Pino: The most exciting outcomes are always patient-centered. Across the board, our plan partners will tell you that we have increased patient satisfaction and generated significant applause from patients in terms of having a single partner that can coordinate the entire grouping of home care entities that will be visiting their home.
We have also seen improved health outcomes as measured by correlated, institutional-based metrics, such as average lengths of stay, ER visits and readmits per thousand. A key measurement of our success is the significant reductions we’ve delivered in terms of transfers from emergency rooms to the inpatient setting versus the home setting. These patients now have the resources necessary to convalesce in the home setting.
The reason for these institutional reductions is our ability to staff cases and staff them quickly. We coordinate care as a partner with our patients and providers in mind. As a result of this partnership, we’re able to make a significant impact in the areas where both patients and providers feel the greatest pain point: scheduling and coordinating. There are a significant number of providers and patients that would rather work with IHCS than with health plans because we focus specifically on home care.
Historically, home care is a core grouping of services that only make up four to five percent of a health plan’s spend. Large health plans aren’t necessarily built to manage smaller cost relationships and services. For us, our network participants are the engine that drives our operations and help meet our plan commitments. When it comes to the manner in which we treat, pay and communicate with our downstream providers, you’ll find that we consider them and our employees our greatest assets.
You’ve called the IHCS model “the future of health care.” Why do you view it that way, and how can health providers succeed in value-based systems?
Pino: “The future of health care” is always a tricky statement because we know that health care is an ever-evolving organism. We believe the future is one that allows people to convalesce in a manner that makes the most amount of sense, not only for the patient but also for other stakeholders such as plans and risk-groups that are held accountable for patient care and costs.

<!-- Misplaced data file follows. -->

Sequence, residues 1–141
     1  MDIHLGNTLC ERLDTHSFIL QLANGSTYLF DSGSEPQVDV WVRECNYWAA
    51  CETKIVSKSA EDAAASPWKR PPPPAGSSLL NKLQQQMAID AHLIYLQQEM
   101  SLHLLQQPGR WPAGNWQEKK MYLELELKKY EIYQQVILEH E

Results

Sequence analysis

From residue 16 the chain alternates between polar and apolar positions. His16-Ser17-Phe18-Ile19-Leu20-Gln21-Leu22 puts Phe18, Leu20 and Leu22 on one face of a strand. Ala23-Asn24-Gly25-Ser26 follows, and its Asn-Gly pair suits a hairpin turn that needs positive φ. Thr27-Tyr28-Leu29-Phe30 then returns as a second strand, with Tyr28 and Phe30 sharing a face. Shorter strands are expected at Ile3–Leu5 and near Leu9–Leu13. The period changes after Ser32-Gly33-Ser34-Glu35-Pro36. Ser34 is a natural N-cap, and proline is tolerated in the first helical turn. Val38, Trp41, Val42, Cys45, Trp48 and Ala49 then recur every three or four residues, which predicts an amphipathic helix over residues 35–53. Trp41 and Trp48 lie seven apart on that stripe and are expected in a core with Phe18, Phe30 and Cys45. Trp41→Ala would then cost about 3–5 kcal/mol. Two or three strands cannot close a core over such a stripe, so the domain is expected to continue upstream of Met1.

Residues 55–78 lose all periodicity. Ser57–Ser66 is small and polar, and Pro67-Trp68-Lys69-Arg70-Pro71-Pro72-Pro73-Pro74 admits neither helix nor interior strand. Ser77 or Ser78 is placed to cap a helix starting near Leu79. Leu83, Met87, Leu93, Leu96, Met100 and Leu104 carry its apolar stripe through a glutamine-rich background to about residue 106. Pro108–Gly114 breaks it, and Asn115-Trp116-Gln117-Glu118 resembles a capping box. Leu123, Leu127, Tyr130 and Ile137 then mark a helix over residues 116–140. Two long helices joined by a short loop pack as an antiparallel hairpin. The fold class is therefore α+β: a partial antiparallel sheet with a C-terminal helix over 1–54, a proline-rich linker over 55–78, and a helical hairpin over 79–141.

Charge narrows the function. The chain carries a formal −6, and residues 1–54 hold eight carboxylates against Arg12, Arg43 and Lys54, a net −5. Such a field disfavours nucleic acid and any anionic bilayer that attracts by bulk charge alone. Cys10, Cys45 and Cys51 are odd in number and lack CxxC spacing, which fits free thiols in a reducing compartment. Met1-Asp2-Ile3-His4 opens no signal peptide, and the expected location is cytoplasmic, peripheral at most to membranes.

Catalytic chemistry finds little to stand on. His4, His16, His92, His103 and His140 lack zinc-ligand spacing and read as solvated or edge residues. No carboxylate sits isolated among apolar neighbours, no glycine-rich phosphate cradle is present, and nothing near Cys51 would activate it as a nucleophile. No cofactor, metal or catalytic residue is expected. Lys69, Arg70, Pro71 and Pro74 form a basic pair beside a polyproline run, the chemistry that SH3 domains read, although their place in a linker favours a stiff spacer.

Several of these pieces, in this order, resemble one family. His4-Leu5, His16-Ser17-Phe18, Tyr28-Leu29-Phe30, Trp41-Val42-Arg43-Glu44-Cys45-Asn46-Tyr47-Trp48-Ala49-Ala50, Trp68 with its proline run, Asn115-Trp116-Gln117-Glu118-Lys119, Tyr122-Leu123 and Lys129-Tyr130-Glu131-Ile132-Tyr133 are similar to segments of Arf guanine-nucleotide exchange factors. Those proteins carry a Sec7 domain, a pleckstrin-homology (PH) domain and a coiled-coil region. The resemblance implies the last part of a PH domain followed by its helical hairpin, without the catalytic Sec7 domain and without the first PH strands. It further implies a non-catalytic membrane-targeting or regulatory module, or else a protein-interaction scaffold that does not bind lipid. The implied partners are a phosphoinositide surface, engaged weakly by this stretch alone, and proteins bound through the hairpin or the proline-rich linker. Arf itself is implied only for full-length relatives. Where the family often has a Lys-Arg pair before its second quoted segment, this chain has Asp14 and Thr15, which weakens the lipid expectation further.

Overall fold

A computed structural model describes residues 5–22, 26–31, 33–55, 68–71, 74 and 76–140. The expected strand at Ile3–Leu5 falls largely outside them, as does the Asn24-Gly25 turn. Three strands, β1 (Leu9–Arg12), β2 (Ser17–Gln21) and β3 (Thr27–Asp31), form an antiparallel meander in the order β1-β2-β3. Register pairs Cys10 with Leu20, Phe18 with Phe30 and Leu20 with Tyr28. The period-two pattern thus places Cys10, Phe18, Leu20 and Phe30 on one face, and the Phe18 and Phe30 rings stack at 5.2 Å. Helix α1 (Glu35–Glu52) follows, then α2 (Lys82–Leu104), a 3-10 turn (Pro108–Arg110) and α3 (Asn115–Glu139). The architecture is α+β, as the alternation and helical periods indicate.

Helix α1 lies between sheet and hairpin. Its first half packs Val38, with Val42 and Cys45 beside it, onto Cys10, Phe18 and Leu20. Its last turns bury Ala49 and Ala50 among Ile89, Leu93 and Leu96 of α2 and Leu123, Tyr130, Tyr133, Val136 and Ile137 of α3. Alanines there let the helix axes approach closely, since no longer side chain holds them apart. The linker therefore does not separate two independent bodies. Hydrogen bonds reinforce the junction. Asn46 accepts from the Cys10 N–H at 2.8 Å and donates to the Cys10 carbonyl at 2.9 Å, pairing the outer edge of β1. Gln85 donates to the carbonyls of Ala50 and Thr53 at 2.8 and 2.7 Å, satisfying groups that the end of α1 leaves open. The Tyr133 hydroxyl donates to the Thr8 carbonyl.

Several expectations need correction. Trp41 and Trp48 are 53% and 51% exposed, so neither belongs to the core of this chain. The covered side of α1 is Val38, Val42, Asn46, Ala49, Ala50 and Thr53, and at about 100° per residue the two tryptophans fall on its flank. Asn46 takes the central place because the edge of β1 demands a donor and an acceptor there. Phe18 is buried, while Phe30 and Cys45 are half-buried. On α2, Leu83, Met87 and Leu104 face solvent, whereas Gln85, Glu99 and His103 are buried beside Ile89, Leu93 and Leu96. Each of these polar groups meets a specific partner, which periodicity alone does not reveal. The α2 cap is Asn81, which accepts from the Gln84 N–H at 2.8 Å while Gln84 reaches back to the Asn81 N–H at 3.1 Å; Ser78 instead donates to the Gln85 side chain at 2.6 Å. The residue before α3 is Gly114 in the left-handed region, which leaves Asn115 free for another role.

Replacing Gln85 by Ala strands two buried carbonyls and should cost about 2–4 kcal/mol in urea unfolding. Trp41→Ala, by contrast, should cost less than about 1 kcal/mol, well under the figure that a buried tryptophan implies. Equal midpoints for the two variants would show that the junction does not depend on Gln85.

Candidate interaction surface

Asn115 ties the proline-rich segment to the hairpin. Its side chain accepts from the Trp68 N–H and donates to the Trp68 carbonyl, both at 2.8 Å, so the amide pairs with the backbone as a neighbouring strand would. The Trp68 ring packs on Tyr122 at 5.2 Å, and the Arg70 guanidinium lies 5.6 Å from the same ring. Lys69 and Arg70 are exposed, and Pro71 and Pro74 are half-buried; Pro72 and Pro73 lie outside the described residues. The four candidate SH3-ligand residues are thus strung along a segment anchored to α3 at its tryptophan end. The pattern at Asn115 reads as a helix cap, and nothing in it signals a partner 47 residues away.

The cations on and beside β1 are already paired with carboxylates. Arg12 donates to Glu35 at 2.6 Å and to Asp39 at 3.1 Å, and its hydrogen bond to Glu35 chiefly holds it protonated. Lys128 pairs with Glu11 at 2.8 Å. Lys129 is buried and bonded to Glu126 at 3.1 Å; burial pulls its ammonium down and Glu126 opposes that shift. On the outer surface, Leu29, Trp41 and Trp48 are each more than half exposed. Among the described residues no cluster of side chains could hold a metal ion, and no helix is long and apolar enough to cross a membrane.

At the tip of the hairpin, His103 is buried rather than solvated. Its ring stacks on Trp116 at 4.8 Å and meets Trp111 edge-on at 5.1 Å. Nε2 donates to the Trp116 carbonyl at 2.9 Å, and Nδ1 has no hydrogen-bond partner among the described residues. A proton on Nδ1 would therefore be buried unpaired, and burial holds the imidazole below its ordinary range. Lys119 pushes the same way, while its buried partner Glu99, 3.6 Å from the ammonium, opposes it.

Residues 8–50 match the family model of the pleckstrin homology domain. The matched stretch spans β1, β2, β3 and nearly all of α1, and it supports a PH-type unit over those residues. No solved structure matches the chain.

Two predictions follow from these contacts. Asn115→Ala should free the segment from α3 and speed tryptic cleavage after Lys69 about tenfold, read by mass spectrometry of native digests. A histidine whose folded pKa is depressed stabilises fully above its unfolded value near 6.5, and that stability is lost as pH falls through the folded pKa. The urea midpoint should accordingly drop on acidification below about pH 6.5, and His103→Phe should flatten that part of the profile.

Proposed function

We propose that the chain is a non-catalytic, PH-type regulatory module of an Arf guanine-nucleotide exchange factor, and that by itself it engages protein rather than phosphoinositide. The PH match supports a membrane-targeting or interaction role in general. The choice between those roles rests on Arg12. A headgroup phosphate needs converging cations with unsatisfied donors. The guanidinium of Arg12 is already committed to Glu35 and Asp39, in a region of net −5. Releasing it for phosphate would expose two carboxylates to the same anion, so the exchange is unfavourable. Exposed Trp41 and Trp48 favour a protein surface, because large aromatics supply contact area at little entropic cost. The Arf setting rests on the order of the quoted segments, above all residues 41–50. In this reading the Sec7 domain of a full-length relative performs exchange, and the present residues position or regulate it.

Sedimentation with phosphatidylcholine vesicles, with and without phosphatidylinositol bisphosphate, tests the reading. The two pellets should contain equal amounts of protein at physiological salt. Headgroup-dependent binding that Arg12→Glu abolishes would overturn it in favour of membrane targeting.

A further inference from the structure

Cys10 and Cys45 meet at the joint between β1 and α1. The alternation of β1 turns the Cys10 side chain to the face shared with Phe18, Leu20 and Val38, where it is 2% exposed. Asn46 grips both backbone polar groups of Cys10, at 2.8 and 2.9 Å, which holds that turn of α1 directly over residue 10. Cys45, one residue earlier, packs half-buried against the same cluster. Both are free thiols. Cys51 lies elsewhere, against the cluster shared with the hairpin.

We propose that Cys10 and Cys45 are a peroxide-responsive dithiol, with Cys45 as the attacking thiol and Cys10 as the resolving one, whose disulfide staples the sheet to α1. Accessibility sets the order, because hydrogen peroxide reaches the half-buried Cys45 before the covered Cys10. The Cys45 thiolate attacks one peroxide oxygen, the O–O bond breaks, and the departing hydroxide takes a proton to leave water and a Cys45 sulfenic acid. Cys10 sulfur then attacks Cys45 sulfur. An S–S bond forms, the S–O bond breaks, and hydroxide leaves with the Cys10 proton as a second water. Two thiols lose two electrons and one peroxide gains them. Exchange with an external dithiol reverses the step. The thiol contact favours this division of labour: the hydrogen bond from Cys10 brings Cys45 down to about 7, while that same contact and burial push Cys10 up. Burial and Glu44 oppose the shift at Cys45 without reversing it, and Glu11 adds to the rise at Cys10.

Ultimately, as you think about the future, you can see health plans reduce resources surrounding areas that will not create a large enough cost delta from where current practices are to where future practices could be. If you seek to focus a plan’s utilization management on saving significant dollars by maximizing patient outcomes, you’re not necessarily going to focus on home care, but rather on institutional-based spend, pharmacy, specialists and other associated modalities of care that require a heavy focus on fewer, but costlier items.
Our model takes the approach that we professionally handle the tasks that plans don’t have the time or resources to completely manage. We have risk-based, capitated contracts. As a result of this reimbursement, we have extensive performance and service guarantees we provide our plan partners.
Because quality is inherent to every one of our contracts, we’ve been tied to all aspects of health care quality and value-based contracting that have been around for decades. However, these quality metrics are just beginning to be considered by traditional fee-for-service market participants. As a result of our significant quality and audit infrastructure, our plan partners continually monitor our performance and results through our proprietary patient management platform, MedTrac.